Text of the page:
The war of words between Democrats and Republicans went to a strange place in October thanks to a single sentence: “Let’s go Brandon. What appears to be an innocent chant is actually an insult in disguise to President Joe Biden.
The phrase “Come on Brandon” caught on in American political discourse after a reporter misquoted a crowd chanting obscenity about Biden while speaking with a Nascar runner. Since then, it has been used in Republican election rallies, on the Congressional floor, and even at a QAnon event, where conspiracy supporters awaited the return of the late John F. Kennedy Jr.
The singing also went viral on social media, becoming one of the first big memes opposing Biden’s presidency. As critics of the current president shop for clothes and even gun parts with this phrase, one wonders if this lightness could end up going too far.
Here’s everything you need to know about this phrase.
How did let’s go Brandon get started?
On October 2, Brandon Brown won his first Nascar Xfinity Series race at the Talladega Superspeedway. NBC Sports reporter Kelli Stavast interviewed Brown after his race track victory with a crowd behind him chanting “Fuck Joe Biden,” which has been chanted frequently at US sporting events in recent months.
During the interview, Stavast makes a remark about the crowd saying, “You can hear the crowd chanting. Come on Brandon.”
It is not known if she heard the phrase by mistake or decided not to repeat the term due to profanity in the song.
Conservatives and others opposed to Biden’s presidency took hold of the phrase. It has since been used as a chant at political events and placed on merchandise ranging from shirts to gun parts.
White House press secretary Jen Psaki was asked on Friday what Biden thought of that sentence.
“I don’t think he spends a lot of time focusing on it or thinking about it,” she said.
What are social media companies doing about the hashtag?
Not a lot. Facebook, Twitter, Instagram, YouTube, and TIkTok have not removed posts with the Let’s go Brandon hashtag.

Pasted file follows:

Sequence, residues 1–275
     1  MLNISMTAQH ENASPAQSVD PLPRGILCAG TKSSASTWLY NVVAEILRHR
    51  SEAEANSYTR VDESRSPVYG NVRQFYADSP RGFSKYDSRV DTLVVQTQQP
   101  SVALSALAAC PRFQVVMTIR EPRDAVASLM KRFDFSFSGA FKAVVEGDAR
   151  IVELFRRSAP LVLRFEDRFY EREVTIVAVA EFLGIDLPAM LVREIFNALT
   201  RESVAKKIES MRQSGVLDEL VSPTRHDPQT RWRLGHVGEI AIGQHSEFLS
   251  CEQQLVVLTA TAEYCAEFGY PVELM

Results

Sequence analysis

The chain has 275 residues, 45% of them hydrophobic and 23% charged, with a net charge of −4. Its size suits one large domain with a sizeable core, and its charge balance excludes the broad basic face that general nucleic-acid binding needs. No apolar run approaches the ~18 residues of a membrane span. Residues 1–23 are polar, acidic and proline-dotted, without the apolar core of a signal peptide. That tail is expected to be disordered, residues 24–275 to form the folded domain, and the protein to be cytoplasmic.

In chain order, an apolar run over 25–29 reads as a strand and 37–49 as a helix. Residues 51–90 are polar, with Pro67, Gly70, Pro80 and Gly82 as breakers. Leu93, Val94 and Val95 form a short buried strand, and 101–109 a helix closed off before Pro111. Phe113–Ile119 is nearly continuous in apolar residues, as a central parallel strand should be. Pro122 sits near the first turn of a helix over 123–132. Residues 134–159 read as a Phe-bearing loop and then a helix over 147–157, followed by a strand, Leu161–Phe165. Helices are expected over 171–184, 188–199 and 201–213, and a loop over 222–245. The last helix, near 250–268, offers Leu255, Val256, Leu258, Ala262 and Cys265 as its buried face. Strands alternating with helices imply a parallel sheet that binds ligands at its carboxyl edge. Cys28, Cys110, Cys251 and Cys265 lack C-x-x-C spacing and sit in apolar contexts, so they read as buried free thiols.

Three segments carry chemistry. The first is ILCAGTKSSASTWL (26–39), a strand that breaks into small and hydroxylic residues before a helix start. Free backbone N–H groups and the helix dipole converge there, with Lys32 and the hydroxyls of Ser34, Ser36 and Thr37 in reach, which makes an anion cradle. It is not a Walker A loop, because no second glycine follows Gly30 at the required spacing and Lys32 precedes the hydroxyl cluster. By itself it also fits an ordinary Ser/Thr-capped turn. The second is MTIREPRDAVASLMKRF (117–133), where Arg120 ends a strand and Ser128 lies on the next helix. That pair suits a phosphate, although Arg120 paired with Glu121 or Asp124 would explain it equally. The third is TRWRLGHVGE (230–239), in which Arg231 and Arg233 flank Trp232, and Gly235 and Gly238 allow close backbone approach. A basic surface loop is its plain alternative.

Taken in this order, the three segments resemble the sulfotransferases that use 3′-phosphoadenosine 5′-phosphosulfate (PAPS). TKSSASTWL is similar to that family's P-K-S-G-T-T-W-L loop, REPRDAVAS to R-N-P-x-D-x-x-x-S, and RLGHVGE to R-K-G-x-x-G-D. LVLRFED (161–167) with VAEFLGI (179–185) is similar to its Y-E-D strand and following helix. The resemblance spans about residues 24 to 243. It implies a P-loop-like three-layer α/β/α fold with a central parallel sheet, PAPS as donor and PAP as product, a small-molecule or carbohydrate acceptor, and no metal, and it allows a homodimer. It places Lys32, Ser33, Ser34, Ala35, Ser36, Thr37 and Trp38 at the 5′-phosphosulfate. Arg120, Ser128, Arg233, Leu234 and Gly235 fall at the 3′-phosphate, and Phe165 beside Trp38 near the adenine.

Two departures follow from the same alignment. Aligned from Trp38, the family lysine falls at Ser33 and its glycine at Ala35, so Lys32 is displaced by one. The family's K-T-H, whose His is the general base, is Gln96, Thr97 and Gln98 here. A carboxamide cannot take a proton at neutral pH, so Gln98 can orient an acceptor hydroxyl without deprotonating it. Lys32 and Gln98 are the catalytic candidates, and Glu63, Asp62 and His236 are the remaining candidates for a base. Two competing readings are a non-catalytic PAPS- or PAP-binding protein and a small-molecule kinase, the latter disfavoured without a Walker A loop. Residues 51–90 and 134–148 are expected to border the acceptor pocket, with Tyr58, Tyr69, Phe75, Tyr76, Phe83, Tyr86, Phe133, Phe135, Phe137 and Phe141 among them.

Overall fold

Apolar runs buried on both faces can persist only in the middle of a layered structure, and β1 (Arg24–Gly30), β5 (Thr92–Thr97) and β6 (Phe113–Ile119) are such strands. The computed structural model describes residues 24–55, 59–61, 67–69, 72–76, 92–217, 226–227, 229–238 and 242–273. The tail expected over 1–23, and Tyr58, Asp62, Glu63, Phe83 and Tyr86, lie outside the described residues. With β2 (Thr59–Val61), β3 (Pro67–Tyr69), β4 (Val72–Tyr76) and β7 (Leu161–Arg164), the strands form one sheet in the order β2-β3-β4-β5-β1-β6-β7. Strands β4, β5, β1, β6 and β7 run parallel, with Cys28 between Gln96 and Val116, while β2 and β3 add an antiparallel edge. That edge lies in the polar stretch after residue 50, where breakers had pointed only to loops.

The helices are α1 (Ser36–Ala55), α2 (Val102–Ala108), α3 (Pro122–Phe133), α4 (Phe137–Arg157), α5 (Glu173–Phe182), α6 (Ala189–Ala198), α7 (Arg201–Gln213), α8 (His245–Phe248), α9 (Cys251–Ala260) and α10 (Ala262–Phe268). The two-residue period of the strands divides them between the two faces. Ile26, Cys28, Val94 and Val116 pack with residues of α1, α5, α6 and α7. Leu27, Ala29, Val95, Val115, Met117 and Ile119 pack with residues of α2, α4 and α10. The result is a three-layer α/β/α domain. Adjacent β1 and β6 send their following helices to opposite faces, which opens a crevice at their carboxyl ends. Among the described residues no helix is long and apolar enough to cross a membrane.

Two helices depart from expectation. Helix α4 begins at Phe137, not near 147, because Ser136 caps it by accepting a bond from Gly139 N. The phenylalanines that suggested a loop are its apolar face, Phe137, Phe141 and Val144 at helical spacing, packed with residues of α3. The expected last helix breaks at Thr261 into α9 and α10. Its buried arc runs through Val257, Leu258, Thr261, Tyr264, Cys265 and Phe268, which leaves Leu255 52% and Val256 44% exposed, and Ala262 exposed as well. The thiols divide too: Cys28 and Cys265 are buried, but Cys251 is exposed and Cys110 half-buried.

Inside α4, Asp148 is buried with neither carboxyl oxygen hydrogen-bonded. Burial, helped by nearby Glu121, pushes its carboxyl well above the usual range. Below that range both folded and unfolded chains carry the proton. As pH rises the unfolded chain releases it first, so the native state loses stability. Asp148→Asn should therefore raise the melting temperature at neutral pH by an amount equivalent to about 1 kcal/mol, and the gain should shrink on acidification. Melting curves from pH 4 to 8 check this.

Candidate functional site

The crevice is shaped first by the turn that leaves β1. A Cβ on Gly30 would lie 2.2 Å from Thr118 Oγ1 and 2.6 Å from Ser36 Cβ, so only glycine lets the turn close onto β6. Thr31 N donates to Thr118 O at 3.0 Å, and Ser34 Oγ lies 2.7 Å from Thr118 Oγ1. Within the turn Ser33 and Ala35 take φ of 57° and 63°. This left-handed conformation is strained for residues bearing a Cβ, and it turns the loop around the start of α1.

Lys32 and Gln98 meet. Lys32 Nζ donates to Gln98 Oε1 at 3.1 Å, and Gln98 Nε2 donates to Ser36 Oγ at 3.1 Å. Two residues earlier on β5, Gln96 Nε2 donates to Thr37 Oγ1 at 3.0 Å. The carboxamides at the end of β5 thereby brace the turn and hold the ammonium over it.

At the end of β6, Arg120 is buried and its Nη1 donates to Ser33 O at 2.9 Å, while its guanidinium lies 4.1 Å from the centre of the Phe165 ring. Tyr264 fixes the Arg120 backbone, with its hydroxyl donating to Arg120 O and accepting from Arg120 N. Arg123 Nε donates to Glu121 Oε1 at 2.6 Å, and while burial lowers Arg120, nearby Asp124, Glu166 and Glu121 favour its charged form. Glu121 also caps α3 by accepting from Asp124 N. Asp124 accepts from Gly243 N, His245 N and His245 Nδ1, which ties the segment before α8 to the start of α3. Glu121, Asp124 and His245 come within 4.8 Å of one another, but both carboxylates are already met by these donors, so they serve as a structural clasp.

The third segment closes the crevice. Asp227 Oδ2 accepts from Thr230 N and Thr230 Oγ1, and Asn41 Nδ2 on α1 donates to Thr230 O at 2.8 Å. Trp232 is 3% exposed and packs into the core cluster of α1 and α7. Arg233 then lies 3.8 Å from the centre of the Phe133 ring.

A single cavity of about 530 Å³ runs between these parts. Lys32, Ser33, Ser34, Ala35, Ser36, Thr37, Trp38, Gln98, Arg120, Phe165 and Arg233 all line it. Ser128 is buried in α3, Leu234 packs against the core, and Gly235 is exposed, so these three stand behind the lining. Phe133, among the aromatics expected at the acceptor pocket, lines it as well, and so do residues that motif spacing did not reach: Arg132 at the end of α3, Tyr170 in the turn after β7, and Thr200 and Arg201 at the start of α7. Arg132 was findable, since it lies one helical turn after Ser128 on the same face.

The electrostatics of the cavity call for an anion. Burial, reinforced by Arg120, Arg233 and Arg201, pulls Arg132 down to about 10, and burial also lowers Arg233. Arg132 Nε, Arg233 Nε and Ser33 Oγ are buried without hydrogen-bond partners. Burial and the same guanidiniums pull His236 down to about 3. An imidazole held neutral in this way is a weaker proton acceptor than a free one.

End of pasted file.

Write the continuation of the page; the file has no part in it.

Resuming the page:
“Let’s Go Brandon” has been aired on Twitter several times since the first interview, with Republican politicians such as Senator Ted Cruz, a Republican from Texas, and Representative Lauren Boebert, a Republican from Colorado, using the hashtag, the latter even putting the phrase on a dress. Cruz and Boebert were among 147 Republicans who voted to overturn the 2020 presidential election results.
To counter the phrase, Biden fans started using the hashtag #ThanksBrandon, which was all the rage on Twitter on November 5.
One company that has reportedly taken action to ban the hashtag is fitness company Peloton. A report from the right-wing PJ Media website shows that the hashtag is not available to be added to user profiles. Peloton customers can use tags in their profiles to associate with other members with similar interests.
What are the controversies surrounding the hashtag?
Biden’s obvious insult aside, the hashtag Let’s go Brandon has come with its fair share of controversies.
A Southwest Airlines pilot is being investigated for the use of the phrase in an October flight announcement.
Billboard released their top-selling song list of the week on November 8, and two of the top five songs featured the phrase: Bryson Gray with Tyson James and Chandler Crump “Let’s go Brandon” and “Let’s go Brandon” by Loza Alexander. . Gray said on October 21 that his song was removed from YouTube due to incorrect medical information.